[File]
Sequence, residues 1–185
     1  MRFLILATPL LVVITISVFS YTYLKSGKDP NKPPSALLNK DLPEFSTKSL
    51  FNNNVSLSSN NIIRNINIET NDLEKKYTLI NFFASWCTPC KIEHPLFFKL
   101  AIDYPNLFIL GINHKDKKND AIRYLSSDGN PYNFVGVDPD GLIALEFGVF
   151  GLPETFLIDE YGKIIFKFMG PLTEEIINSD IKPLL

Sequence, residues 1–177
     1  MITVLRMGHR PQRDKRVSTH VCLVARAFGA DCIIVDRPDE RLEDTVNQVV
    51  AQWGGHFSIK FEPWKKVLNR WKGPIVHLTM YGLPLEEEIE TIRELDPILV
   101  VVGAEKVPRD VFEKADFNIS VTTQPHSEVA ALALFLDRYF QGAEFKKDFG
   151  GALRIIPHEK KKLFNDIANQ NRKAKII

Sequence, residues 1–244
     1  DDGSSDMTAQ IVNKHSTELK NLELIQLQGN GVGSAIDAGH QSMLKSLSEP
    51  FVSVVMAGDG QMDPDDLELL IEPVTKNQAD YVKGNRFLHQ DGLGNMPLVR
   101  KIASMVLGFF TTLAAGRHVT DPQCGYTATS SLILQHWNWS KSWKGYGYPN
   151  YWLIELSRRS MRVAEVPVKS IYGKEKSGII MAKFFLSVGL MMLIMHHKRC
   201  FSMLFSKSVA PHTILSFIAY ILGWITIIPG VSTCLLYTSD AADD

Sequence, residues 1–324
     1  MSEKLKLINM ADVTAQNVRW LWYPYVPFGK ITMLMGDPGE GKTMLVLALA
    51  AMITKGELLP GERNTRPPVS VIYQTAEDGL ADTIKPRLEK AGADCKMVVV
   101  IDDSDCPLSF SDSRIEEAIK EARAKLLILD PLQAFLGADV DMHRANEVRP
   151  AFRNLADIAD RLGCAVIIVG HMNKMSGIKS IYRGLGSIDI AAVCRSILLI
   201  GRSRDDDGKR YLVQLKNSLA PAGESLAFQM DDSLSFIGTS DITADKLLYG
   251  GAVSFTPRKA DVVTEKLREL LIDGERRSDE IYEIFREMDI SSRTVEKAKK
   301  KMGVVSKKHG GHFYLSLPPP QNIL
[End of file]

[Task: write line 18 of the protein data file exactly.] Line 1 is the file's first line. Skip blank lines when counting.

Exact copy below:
     1  MSEKLKLINM ADVTAQNVRW LWYPYVPFGK ITMLMGDPGE GKTMLVLALA